3. No-Hands Cup-Stacking Challenge
This hands-on group challenge is an exercise in patience and perseverance, not to mention a total blast! Your students will be hooked from the first round. Using only strings and a rubber band, students must work together as a team to build a pyramid of paper cups. Sound simple? You’ll be surprised at the amount of trial and error your teenagers will need before they get the hang of this activity.
Critical-thinking and problem-solving skills, teamwork, patience
Decide how many students you want in each group. Tie that many strings to a single rubber band. Each person in the group holds on to one of the strings that is attached to the rubber band, and as a group, they use this device to pick up the cups (by pulling the rubber band apart and then bringing it back together over the cups) and place them on top of each other in order to build a pyramid. See more detailed instructions here.
4. Time-Management Challenge
We all have days when our huge list of tasks and the amount of time to complete them just don’t seem to compute. When time is tight and your agenda is packed full, you’ve got to prioritize tasks and work efficiently! This activity gives students the opportunity to practice just that by presenting them with a large list of tasks and a limited time frame. They must decide the relative value and time commitment of each task in order to earn the most points. The complicating factor? They have to do it in teams!
Negotiation, critical thinking, communication, time management
Make a list on chart paper of a variety of tasks and a point value for each. For example: Do 25 jumping jacks (5 points), make up a nickname for each member of the group (5 points), get every person in the class to sign a piece of paper (15 points), form a conga line and conga from one end of the room to the other (5 points, 10 bonus points if anyone joins you), etc. Make sure you list more than enough tasks to take up 10 minutes. Divide your students into groups of five or six and give them 10 minutes to collect as many points as they can by deciding which tasks to perform. A debriefing session is essential with this game. Guide your students to think about how they made decisions, what group dynamics came into play and how they determined the value of each task.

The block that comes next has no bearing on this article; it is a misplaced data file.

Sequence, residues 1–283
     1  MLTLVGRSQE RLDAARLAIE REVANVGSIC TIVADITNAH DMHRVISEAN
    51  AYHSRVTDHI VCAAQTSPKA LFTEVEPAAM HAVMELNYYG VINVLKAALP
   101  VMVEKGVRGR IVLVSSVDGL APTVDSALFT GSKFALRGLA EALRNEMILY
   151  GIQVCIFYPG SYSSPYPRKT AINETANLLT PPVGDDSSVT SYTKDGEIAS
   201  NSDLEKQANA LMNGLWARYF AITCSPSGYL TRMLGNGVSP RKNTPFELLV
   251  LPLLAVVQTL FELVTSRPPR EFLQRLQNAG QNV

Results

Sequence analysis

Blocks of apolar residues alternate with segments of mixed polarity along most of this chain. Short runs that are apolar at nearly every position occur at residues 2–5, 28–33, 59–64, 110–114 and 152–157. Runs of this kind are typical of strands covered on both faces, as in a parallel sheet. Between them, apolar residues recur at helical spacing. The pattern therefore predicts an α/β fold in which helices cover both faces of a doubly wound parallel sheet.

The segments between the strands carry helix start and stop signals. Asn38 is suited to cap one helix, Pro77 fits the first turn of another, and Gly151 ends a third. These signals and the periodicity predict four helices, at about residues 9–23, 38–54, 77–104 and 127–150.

5. Listen and Recap
There are so many things competing for kids’ attention in today’s overstimulating world, so learning the simple art of listening can be a difficult task. This one-on-one communication activity will help students practice taking the time to clear their minds, focus and really listen to what their partner is saying in a way that they can clearly and accurately repeat it back to them.
Listening, respect, interpersonal skills, communication
Divide students into pairs. Partner one draws a topic card from a prepared deck and talks about that topic while partner two listens without speaking. The listener must really focus on simply receiving their partner’s words—not letting their mind wander or think about how they are going to respond. Then, without rebuttal, partner two recaps what partner one said. Then they switch roles.
6. Team Survival Challenge
What would happen if your class went out on a pleasure cruise only to end up being shipwrecked on a desert island? What materials would be essential for survival? If you’re a fan of the TV series “Lost,” you know making these decisions as a group can get ugly fast. This activity is a great lesson in group decision-making as students will undoubtedly have different ideas of what materials to add to a limited list in a limited amount of time.